Training the next generation forest scientists through integrative fungal research as cross-sector and crossborder collaboration (ForestFun)

Coordinator: Mika Bendiksby, , Natural History Museum, University of Oslo


In-depth biodiversity knowledge is essential for maintaining stable and resilient forest ecosystems in the Nordic countries. At the same time, maintaining high levels of biodiversity is challenging for Nordic forestry under a changing climate combined with an increasing demand for timber as building materials and for energy production.

This creates an urgent need for broadly trained scientists, foresters and forest conservationists able to address these challenges through relevant research projects, delivering results and tools for both sustainable forestry and effective biodiversity management practices.

Unfortunately, there are currently few opportunities for students and early career researchers to obtain the necessary integrative academic training in forest ecology and species knowledge for research-based biodiversity management.

Lichens are essential to forest ecosystems and crucial components of biogeochemical cycles in terrestrial environments by virtue of their unique symbiotic relationship with other organisms. Moreover, the composition and diversity of lichens, including the lichen-associated fungi utilizing them as substrate for their growth, tells us something about a forest’s health. Epiphytic lichens, for example, are well-known indicators for habitat quality. They are frequently used for monitoring the health of old-growth forests and for evaluating management practices. Several so-called macrolichens and pin-lichens are iconic examples for old-growth forest biodiversity that shape the picture of many natural, healthy boreal forests.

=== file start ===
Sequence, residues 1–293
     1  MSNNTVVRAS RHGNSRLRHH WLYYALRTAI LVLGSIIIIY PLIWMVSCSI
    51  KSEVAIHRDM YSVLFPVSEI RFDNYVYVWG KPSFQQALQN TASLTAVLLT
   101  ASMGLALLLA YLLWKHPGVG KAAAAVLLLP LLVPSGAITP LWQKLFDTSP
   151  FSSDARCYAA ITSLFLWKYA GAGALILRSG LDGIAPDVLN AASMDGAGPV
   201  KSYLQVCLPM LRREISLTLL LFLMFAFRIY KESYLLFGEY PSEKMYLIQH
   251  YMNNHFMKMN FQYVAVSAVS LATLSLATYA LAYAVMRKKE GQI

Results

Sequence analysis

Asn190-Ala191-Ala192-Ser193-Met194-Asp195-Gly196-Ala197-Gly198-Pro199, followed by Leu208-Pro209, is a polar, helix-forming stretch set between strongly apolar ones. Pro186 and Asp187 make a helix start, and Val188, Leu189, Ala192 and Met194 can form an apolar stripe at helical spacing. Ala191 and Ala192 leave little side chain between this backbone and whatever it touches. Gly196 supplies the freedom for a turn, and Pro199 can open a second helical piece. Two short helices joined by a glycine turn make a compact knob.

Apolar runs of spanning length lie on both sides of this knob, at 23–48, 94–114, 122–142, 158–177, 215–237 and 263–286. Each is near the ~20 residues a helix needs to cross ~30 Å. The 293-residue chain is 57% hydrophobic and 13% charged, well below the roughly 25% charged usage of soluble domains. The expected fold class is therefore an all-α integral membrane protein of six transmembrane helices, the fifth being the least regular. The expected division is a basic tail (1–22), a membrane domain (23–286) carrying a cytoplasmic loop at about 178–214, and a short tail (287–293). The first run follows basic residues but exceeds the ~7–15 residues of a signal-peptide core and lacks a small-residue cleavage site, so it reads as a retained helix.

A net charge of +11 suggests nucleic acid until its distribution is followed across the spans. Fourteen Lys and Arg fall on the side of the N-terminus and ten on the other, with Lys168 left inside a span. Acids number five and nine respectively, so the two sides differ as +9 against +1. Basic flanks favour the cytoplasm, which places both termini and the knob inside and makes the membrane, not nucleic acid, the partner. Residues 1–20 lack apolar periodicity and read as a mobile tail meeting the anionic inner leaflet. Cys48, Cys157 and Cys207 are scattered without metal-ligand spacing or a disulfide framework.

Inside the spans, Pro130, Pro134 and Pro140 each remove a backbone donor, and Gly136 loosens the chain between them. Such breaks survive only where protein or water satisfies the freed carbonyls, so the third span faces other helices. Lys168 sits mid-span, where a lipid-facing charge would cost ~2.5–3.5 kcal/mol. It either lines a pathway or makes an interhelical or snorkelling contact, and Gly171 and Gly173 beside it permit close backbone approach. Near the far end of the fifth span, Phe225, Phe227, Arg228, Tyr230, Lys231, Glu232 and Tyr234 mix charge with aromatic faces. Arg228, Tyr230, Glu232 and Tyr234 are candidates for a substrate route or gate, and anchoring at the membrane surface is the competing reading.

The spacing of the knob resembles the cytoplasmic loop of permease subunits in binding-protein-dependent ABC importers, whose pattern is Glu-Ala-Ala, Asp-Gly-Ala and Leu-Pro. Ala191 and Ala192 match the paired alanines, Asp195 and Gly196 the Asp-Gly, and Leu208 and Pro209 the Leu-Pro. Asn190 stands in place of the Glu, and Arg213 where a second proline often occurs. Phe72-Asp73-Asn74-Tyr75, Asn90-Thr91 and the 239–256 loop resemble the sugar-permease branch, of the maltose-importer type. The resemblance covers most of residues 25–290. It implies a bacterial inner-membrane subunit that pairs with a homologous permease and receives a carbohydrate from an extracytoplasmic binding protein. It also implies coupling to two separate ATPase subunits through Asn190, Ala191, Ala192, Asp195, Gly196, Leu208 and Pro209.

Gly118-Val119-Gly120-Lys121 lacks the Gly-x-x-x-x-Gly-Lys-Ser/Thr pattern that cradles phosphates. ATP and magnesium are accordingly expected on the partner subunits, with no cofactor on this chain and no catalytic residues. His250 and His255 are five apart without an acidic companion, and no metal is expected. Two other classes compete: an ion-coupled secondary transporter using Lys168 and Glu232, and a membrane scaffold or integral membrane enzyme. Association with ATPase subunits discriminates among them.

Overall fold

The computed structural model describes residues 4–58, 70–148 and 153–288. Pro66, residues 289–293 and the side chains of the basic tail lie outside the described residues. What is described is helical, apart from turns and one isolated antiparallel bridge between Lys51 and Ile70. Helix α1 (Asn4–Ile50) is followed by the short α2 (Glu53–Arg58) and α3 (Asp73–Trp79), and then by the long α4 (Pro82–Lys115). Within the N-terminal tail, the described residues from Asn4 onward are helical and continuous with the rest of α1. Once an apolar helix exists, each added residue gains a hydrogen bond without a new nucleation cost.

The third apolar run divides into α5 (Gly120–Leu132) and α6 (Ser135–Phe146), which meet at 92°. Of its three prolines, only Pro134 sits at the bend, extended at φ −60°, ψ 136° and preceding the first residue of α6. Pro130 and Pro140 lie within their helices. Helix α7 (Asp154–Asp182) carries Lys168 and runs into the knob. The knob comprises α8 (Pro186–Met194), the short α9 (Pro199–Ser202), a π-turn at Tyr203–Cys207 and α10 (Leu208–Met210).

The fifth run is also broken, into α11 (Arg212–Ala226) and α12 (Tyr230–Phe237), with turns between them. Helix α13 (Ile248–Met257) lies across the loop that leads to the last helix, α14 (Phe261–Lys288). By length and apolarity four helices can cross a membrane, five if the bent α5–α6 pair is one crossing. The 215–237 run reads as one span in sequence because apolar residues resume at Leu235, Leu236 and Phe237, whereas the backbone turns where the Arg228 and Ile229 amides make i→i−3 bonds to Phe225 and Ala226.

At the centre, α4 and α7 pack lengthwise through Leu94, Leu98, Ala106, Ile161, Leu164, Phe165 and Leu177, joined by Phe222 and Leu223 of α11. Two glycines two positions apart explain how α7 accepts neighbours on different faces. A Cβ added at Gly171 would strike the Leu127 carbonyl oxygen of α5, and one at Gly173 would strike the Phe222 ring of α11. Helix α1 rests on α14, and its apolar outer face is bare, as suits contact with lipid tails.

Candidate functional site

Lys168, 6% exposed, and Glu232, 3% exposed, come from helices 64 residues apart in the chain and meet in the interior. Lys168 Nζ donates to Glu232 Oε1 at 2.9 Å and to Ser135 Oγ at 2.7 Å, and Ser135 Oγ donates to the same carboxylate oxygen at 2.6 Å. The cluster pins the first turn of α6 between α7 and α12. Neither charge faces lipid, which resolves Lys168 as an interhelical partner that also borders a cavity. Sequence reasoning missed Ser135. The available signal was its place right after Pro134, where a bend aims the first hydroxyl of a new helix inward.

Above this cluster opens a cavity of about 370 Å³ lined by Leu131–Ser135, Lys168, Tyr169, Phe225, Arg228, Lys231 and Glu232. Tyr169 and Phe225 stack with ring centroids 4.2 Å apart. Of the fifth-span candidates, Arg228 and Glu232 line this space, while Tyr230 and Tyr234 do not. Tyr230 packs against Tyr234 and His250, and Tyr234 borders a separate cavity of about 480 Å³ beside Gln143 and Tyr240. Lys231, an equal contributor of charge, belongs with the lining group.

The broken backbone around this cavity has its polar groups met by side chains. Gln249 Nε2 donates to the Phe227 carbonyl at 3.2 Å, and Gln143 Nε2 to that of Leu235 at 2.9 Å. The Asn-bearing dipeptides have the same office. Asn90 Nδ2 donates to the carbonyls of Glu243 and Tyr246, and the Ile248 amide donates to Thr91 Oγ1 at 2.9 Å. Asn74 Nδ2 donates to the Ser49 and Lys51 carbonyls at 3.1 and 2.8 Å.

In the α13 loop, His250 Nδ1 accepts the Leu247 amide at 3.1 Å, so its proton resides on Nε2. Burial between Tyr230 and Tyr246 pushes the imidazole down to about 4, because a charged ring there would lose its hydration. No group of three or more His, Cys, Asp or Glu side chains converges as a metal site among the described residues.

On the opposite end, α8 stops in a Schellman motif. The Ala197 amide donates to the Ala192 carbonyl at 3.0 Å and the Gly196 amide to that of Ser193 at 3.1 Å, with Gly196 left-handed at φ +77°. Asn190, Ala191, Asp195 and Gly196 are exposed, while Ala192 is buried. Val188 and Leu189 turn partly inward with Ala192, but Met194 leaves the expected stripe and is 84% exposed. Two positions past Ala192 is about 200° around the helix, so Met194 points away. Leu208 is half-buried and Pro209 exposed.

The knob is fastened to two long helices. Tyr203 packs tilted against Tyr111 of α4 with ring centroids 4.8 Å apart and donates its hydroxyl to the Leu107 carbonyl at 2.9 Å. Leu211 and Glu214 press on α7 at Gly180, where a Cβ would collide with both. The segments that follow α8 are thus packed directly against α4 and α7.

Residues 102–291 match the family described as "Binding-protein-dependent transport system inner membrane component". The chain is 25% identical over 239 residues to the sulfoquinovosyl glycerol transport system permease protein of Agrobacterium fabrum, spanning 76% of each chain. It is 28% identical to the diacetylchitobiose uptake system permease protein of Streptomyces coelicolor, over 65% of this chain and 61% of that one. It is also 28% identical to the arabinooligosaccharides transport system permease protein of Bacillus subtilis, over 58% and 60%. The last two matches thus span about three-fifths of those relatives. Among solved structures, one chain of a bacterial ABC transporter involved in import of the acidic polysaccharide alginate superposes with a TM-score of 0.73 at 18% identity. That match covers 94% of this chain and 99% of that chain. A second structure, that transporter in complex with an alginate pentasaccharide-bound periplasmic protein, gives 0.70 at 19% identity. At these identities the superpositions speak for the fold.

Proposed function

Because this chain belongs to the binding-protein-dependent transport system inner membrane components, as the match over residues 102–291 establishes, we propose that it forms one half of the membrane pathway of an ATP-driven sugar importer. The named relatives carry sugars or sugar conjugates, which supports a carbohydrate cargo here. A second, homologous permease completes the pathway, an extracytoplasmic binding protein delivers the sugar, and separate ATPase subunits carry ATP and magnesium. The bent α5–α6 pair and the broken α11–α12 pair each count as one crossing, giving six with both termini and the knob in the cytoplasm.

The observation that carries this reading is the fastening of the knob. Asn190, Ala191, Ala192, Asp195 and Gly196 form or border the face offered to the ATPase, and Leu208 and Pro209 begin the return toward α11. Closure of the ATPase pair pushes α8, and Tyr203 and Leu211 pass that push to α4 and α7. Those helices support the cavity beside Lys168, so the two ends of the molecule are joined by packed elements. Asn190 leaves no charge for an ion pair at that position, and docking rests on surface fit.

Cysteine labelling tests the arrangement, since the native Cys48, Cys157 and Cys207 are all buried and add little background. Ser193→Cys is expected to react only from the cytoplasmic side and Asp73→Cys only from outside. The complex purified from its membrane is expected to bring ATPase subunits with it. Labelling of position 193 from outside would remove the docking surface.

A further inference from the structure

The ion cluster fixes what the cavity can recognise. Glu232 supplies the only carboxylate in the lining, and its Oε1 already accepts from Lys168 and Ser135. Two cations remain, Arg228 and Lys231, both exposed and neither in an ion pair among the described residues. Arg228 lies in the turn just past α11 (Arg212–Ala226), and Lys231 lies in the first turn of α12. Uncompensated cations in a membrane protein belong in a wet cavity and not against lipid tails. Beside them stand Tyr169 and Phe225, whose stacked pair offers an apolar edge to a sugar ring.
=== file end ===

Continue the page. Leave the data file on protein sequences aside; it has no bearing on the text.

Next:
This project creates a strongly needed arena for knowledge transfer across generations, borders, sectors and disciplines in the fields of forestry and biodiversity research while at the same time training a new generation of scientists. In detail, the project will…

  • Contribute to the training of the next generation of Nordic forest researchers, providing them with the necessary species knowledge in lichens and liehen associated fungi together with relevant methods for studying these organisms
  • Foster scientific exchange and networking among senior and young researchers, across sectors, borders and disciplines, for increased future research initiatives across the Nordic countries
  • Conduct, within a series of three field workshops in Finland, Norway and Sweden in collaboration with the Research School in Biosystematics (ForBio), a small pilot study on the influence of various management practices on the diversity of lichens and lichen-associated fungi in boreal spruce forests.

With its focus on lichens and lichen-associated fungi, this project focusses on highly relevant but often neglected groups of forest organisms in the Nordic countries.